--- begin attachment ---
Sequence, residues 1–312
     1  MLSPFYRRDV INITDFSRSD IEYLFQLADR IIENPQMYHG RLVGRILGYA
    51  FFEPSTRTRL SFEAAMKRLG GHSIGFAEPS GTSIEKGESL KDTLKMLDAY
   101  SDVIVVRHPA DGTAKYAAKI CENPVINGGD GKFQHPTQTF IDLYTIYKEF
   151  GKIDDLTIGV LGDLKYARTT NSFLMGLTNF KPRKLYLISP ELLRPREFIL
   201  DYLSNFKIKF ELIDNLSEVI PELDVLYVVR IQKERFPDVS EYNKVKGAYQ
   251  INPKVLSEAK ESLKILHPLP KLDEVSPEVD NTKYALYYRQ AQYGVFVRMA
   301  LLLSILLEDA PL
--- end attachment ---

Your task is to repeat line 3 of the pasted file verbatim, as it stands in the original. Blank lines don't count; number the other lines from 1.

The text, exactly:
    51  FFEPSTRTRL SFEAAMKRLG GHSIGFAEPS GTSIEKGESL KDTLKMLDAY